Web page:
Sunday, November 7, 2010

Unspoken Rules

As we’ve said, not so long ago, the man’s place during child birth used to be in a smoke-filled waiting room holding a box of cigars awaiting the arrival of his child. Now the opposite is true. What brought about this change?

It seems books might have had a role to play in this transformation. In 1974, Robert Bradley wrote the book Husband-Coached Childbirth, in which he basically empowered men to take as crucial a role in the birthing process as their partner (albeit not physically, of course!).

At the time, Bradley was both hailed as a champion for men's rights in the delivery room and criticized as someone who was trying to advocate controlling the woman. Despite, or perhaps because of the controversy, the book 'gave birth' to the 'Bradley method' and a series of classes, still running today.

Putting husbands in the delivery room not only coincided with feminism but was intimately wrapped up with the natural childbirth movement and its effort to see the modern body in a more holistic fashion.

The change also could have been brought about with cultural developments. Back in the 50’s and 60’s, it was an unspoken rule that men just didn’t go into the delivery room. However, in the 70’s and 80’s, men began questioning the medical status quo and took a more handson approach to child rearing and their rights to be present during their child’s birth.

The dissolution of the nuclear family also contributed to the change with fewer women around to take care of the expectant mother’s needs during childbirth. This naturally led to the man taking on that responsibility.

Friday, November 5, 2010

Men in Delivery Room

Waiting for the arrival of a baby is a wonderful time! It doesn’t matter what the circumstances, when a new baby comes into the world, it is a true miracle. As is expected, much of the focus in the delivery room is on the woman. After all, she is the one who is enduring the pain of childbirth. What many people don’t consider is that the men in the delivery room have their own issues as well.

Years ago, men weren’t allowed in the delivery room. Guys were relegated to the waiting room, left to pace a hole in the floor as they waited for their offspring to be born. Today, however, there has been an enormous shift in tradition, with 90 per cent of dads now taking a hands-on approach in the birthing process.

The journey begins not only with conception but with choosing the nursery furniture, picking out names, and taking Lamaze classes. Even with the best of training, guys may still feel out of place when attending the birth of a child. With the advent of birthing rooms taking the place of the sterile operating room, grandparents, uncles, friends, and even siblings are invited into the birth experience.

Obviously you cannot know exactly what it feels like to carry and birth a newborn; however, you can learn as much as possible about all the stages of pregnancy, labor, delivery, and newborn bonding. Perhaps once you understand the prenatal class basics you might start having doubts about how you will be able to handle it all. Try to set those uncomfortable thoughts aside. Studies show that men are more likely to get and stay involved in the care and nurturing of their children if they are present at the births.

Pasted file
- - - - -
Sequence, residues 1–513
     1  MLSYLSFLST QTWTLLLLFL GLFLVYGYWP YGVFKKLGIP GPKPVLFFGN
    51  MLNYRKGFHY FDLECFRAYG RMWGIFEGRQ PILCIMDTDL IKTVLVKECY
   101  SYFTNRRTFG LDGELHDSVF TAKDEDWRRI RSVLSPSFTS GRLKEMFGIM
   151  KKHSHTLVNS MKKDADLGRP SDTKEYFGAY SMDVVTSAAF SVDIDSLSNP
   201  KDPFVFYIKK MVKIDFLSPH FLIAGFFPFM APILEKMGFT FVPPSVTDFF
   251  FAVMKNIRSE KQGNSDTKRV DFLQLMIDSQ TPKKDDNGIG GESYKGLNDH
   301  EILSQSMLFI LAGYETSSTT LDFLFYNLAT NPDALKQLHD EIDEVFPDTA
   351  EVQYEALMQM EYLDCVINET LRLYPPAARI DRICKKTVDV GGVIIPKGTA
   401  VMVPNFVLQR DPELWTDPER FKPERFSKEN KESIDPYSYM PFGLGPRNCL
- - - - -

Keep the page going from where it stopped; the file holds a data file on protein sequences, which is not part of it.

So what’s a guy to do? If you’re the father to be, you have probably heard the horror stories. You’re called every name in the book. You’re blamed for everything from inflation to the price of gas to getting your gal in the situation she’s in. It’s normal. It’s probably going to happen. But how do you deal with it? That’s hard to say. But the birthing experience is still something every guy can – well, not exactly enjoy, but, at the very least, participate in.

It all begins with the onset of labor. The pains begin. She screams with each contraction. What do you do? At this point, running to the store for a late night craving is out of the question. Right now, you’re expected to be the supportive one. But you’re confused and aren’t sure exactly what to do. It can be difficult watching someone you love in pain – and childbirth IS PAINFUL! It’s like a pain you, as a man, can never know.

Research shows that when a woman has a supportive birth partner, this reduces her need for pain-killing drugs and increases her satisfaction with the birth experience. This also can reduce her stresses and worries about being a mother and make her more confident after the baby is born. Having a familiar face can be very reassuring.

There are many things you can do to help the momma to be along the way to becoming a full-fledged mother. You may be confused – especially when things start getting a little frantic – and they will! With the help of this article, you’ll be much more prepared for the birthing experience.

Here, you’ll be better prepared to help with back labor, understanding what happens in the birthing room, easing the pain of mom, and dealing with your own feelings of helplessness. It can be a daunting and scary experience, but you CAN get through it – just like SHE can!